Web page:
Tim Hor­tons takes a close look at Tims TV fol­low­ing con­tro­versy

The Guardian (Charlottetown) - - BUSINESS - THE CANA­DIAN PRESS

Ex­ec­u­tives at Tim Hor­tons are re­con­sid­er­ing whether it’s worth the risk of flavour­ing your cof­fee break with po­ten­tial con­tro­versy.

Af­ter the res­tau­rant chain was dragged into a clash be­tween en­vi­ron­men­tal­ists and oil in­dus­try sup­port­ers last month, Daniel Schwartz, CEO of Tim Hor­tons’ par­ent com­pany Res­tau­rant Brands, said Mon­day the com­pany is re­view­ing its Tims TV in­store dig­i­tal screens.

“We’re now tak­ing a look at the whole Tims TV pro­gram and what makes sense for the brand,’’ said Schwartz in an in­ter­view with The Cana­dian Press.

“As with many things in the res­tau­rant, we ex­plore what’s best from time to time.’’

The re­view comes af­ter Tim Hor­tons was put in the hot seat for giv­ing ad­ver­tise­ment space to pipeline gi­ant En­bridge on its in-store dig­i­tal screens.

The com­mer­cials an­gered en­vi­ron­men­tal­ists who launched an online pe­ti­tion to get them pulled. When Tim Hor­tons yanked the En­bridge ads, some oil sec­tor sup­port­ers called it an in­sult to one of Canada’s big­gest in­dus­tries and launched their own boy­cott.

The con­flict showed the po­ten­tial dan­gers of a brand as rec­og­niz­able as Tim Hor­tons selling ad space to com­pa­nies that could ran­kle its cus­tomers.

The cof­fee and dough­nut chain be­gan ex­per­i­ment­ing with Tims TV last year be­fore rolling out screens at restau­rants across the coun­try. The com­pany de­scribed Tims TV as its own ver­sion of a com­mu­nity space, serv­ing as a home for the latest news, weather, lo­cal events and branded videos.

But the thrust of the con­cept was to pocket rev­enue from what’s es­sen­tially a bill­board in­side the restau­rants. Ad­ver­tis­ers could buy air­time on Tims TV in a loop­ing ro­ta­tion of con­tent.

Cana­dian movie theatre op­er­a­tor Cine­plex Inc. (TSX:CGX) runs Tims TV as part of a mul­ti­year agree­ment with Tim Hor­tons where both com­pa­nies sell advertising time on the screens.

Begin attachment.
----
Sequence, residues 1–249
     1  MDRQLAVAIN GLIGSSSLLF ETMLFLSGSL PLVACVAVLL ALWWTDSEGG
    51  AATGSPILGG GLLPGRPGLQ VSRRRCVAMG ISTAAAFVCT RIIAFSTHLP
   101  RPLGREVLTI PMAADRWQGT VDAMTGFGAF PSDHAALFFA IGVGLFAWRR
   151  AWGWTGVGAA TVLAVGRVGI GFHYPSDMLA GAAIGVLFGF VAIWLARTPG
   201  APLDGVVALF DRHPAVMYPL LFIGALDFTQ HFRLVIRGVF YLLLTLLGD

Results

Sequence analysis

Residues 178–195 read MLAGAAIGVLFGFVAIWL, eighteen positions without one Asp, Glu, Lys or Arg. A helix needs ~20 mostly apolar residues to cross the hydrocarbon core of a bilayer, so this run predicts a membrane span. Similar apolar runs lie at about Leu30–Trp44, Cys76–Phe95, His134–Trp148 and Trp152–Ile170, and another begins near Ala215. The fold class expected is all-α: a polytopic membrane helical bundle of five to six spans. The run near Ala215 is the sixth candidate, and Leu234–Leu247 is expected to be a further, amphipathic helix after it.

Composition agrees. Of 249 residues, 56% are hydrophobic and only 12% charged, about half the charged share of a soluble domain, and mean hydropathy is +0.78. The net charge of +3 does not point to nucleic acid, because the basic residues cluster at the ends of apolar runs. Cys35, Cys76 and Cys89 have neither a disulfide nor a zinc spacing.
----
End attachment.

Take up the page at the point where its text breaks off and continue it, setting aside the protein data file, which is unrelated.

On Mon­day, Res­tau­rant Brands In­ter­na­tional Inc. (TSX:QSR) re­ported a sec­ondquar­ter profit of US$9.6 mil­lion, or five cents per share for the three months ended June 30. That com­pared with a profit of $75.1 mil­lion or 21 cents per share a year ago be­fore the two brands com­bined.

The com­pany be­hind Tim Hor­tons and Burger King said rev­enue to­talled $1.04 bil­lion, up from $261.2 mil­lion in the sec­ond quar­ter of 2014 be­fore Burger King ac­quired Tim Hor­tons late last year.

Same-store sales — sales at out­lets that have been open for at least a year — were up 5.5 per cent at Tim Hor­tons lo­ca­tions, while Burger King had same­store sales growth of 6.7 per cent.

Res­tau­rant Brands said it will pay a quar­terly div­i­dend of 12 cents per share, up from 10 cents per share.

On an ad­justed ba­sis, Res­tau­rant Brands earned $142.7 mil­lion or 30 cents per share in its latest quar­ter. An­a­lysts had ex­pected a profit of 25 cents per share for the quar­ter, ac­cord­ing to Thom­son Reuters.

Tim Hor­tons opened lo­ca­tions at a record pace in the first half of this year with net growth reach­ing a his­tor­i­cal high of 105 new restau­rants, Schwartz said. About 90 of those stores were in Canada.

The chain is also look­ing to make a big­ger splash in the Mid­dle East with its lo­cal op­er­at­ing part­ner Ap­parel Group. Schwartz said he re­cently vis­ited the re­gion along­side chief fi­nan­cial of­fi­cer Josh Kobza with the in­ten­tion of get­ting a bet­ter grasp on how to boost the brand’s pres­ence.

“I’m re­ally ex­cited about the progress that has been made,’’ he said.

“We’ve been fig­ur­ing out the tar­get mar­kets and started speak­ing with part­ners all around the world.’’


Freshly-brewed cof­fee sits on a hot plate in a Tim Hor­tons out­let in Oakville, Ont. on Sept.16, 2013.

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